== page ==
7) Antigua Mission

FACES has received a gift from the Francis Archibald Wentworth Walter Fund for Medical Aide to the Islands of Antigua and Barbuda at the Tides Foundation to send doctors and nurses from the NYU Langone Comprehensive Epilepsy Center (CEC) to the island of Antigua to train medical staff and provide care to pediatric patients with epilepsy. The Tides Foundation's fund honors Antiguan artist Frank Walter, and Jackley Peters, Attache to Ambassaor Webson.

This gift provided funding to send two epileptologists–Dr. Derek Chong and Dr. Judith Bluvstein - one epilepsy nurse practitioner-Nidia Ortiz and one EEG technologist – Ameeta Grover - to the island to run a 4-day epilepsy clinic to evaluate and care for children and adults on the island with epilepsy. As Antigua is lacking a neurologist, this gift is particularly important to the citizens there.


By: Derek Chong

When Dr. Orrin Devinsky was asked if FACES would help a small nation’s fight against epilepsy, the answer was quite simple: “of course”. Antigua is an island in the West Indies with a population of about 90,000, and the smaller island of Barbuda has about 3,000. Neither island has a neurologist or neurosurgeon. Through Barbara Paca, PhD and the Francis Archibald Wentworth Walter Fund for Medical Aide to the Islands of Antigua and Barbuda at the Tides Foundation, a grant was made to the NYU Langone Comprehensive Epilepsy Center to provide much needed assistance on this island.

Our exciting adventure began about 1 year ago, when Pamela Mohr, the FACES Executive Directors and I met with Barbara, and the United Nations ambassador to Antigua & Barbuda, Dr. Walton A Webson. Ambassador Webson is living out the motto of ‘emphasizing ability not disability’, as he is blind, yet has achieved so much. One of his major focus points is on the stigma of epilepsy, and how it prevents people from visiting the doctor, sometimes for fear of rejection from family and friends, and sometimes for fear of losing driving privileges. The mission’s goal was to both diagnose and treat as many patients as possible, but also dispel untruths and stigmas.

The World Health Organization is leading a campaign termed ‘Epilepsy: Out of the Shadows’, which emphasizes the fact that epilepsy is treatable and often completely controllable. Our goal for this mission was to raise public awareness, allow people to come forward, train doctors and nurses on the basics of epilepsy care, and also see patients at Mount St. John’s Medical Center and community based clinics for treatment and EEG monitoring.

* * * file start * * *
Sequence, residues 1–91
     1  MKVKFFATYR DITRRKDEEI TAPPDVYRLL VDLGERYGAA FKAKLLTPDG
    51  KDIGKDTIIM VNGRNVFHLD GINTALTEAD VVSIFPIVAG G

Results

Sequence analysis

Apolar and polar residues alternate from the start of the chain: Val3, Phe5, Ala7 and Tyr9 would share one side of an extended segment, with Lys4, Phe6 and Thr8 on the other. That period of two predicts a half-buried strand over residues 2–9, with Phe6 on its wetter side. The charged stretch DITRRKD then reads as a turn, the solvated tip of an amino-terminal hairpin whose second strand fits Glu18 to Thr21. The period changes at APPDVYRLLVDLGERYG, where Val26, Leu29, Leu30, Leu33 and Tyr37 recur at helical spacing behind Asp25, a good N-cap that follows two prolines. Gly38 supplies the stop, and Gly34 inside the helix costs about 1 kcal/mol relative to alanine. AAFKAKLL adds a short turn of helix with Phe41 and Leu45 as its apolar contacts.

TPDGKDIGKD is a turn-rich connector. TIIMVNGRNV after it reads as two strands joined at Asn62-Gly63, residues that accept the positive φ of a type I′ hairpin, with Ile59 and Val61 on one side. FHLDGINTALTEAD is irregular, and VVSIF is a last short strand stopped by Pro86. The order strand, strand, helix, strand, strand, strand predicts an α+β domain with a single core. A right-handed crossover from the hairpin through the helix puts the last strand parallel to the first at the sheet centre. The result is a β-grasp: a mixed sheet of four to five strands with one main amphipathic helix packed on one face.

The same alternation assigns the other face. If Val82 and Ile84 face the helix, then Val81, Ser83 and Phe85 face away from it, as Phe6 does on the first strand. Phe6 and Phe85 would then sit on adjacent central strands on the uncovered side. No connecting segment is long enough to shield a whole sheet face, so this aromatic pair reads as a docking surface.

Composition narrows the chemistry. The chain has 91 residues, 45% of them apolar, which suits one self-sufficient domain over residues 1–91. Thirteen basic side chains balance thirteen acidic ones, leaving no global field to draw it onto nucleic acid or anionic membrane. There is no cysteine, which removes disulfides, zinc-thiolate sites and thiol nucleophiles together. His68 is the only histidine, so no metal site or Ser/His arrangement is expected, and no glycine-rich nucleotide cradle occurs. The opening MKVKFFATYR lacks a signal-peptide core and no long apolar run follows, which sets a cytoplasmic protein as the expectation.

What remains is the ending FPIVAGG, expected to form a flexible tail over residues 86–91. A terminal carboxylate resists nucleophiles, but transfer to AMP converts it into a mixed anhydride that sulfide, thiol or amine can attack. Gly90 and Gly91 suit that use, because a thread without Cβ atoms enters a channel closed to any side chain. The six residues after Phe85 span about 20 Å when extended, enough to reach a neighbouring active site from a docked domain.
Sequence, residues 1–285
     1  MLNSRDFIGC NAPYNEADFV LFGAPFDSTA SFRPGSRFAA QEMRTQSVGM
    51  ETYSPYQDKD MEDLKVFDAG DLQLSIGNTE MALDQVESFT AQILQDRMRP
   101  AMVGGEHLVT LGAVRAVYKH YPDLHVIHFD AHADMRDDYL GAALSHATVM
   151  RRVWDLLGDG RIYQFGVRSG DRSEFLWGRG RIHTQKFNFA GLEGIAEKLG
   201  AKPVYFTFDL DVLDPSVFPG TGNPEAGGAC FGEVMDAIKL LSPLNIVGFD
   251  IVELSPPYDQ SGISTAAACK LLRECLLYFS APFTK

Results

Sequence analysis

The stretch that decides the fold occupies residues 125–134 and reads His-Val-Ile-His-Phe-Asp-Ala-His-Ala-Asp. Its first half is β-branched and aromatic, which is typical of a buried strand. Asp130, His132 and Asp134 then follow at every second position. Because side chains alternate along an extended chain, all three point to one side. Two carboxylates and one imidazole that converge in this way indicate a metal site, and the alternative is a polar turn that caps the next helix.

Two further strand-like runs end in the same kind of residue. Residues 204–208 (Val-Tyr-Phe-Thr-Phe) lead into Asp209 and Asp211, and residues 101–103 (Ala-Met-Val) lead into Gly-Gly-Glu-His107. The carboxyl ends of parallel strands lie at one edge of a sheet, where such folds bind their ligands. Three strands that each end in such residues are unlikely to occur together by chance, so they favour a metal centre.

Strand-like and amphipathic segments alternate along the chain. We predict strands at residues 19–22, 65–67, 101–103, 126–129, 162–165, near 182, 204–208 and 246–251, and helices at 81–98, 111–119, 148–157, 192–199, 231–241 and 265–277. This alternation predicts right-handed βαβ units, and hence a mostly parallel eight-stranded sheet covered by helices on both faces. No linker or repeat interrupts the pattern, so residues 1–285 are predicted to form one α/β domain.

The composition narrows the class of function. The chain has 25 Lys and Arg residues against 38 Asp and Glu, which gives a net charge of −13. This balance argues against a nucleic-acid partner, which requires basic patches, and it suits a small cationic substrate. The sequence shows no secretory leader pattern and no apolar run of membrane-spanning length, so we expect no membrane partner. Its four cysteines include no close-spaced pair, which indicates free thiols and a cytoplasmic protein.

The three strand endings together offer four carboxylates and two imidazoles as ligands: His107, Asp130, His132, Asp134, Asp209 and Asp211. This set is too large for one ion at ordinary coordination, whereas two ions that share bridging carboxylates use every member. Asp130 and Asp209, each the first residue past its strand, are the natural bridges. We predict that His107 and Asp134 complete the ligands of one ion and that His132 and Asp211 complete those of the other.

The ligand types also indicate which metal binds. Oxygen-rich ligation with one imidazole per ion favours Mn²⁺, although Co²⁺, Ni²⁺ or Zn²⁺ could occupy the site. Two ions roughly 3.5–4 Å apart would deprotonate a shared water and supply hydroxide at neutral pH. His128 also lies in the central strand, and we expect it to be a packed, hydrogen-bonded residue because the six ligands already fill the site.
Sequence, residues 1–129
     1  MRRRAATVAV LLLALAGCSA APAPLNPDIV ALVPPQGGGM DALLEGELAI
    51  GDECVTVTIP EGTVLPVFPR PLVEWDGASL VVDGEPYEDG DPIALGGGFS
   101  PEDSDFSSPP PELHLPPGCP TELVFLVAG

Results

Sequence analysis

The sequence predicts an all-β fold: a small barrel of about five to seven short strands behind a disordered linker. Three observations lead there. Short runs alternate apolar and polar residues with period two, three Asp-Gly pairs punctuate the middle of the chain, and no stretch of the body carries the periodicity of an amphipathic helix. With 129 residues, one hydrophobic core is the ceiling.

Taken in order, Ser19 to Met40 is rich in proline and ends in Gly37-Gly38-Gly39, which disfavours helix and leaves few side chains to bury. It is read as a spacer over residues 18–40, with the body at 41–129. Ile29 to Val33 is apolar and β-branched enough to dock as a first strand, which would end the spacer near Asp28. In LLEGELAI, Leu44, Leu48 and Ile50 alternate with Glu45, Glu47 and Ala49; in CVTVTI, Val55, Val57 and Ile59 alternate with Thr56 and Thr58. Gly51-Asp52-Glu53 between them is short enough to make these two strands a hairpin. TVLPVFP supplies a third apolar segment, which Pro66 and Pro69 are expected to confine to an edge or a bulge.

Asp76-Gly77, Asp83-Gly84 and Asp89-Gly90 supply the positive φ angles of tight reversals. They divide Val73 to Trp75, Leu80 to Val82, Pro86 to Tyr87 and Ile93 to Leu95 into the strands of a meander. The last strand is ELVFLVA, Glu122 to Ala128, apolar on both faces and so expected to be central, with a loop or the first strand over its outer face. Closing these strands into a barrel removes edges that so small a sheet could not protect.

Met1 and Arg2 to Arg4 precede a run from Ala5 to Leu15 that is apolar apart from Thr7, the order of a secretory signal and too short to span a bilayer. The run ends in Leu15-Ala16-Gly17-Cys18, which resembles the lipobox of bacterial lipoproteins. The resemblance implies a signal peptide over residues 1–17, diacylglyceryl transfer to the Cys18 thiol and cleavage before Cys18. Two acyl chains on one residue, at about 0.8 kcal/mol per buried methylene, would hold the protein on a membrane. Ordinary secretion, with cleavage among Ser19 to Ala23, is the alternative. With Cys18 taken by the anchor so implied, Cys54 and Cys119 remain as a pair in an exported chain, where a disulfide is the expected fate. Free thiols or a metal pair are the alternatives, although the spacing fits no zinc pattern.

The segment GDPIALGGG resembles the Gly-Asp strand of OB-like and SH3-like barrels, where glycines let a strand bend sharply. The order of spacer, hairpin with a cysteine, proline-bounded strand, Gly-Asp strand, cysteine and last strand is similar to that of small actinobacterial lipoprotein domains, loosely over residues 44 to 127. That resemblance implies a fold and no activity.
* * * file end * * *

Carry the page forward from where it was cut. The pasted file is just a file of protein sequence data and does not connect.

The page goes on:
Until 2012, the only available epilepsy medications in Antigua and Barbuda included phenobarbital, phenytoin, carbamazepine and valproic acid. Dr. David Clark, an Antiguan-born pediatric epilepsy specialist practicing at Dell’s Children Hospital in Austin, TX and current president of the Epilepsy Society of the Caribbean, has been travelling back to his home country several times a year to help with epilepsy care and has been responsible for some significant advances. Along with our own Dr. Jacqueline French, they chose 3 newer medications for their government to cover: lamotrigine, levetiracetam and topiramate. The issue remains that local physicians need to learn how to use these medications, and for pharmacies to actually start ordering them.

I saw adult patients, and wrote long notes back to their referring doctors, explaining the rationale for making medication changes, and how we should start and continue these newer medications. Many of these patients never had an EEG before and our own Ameeta Grover provided a diagnosis, or allowed us to make a decision on safe driving.

This country and many others just south of us have no neurologists, no EEG machines, and no modern training on epilepsy treatment. We were all quite busy there, spending the daytime hours seeing patients and doing EEGs, sometimes sweating in hot rooms without air conditioning, and the evening hours preparing and giving talks for the community and professionals of Antigua and Barbuda. It was truly an amazing experience that allowed me to reflect on what we have here, but realize that despite all we have, the big picture is no different at all. We really need to change the world perception, no matter where in the world we are. We need to modernize public policy and coverage, and we must make it easier for people to step forward for the best care possible. It is very true that we are Finding A Cure for Epilepsy and Seizures, but one hurdle is stigma, and that is something we need to change in everyone’s brain.



By: Sloka Iyengar, PhD.

Figure – EEG from a person with epilepsy
shows the ‘raw’ (unfiltered) trace
followed by what remains after filtering
the low-frequency oscillations (2 and 3).

Zijlmans et al., 2012 (Ann Neurology)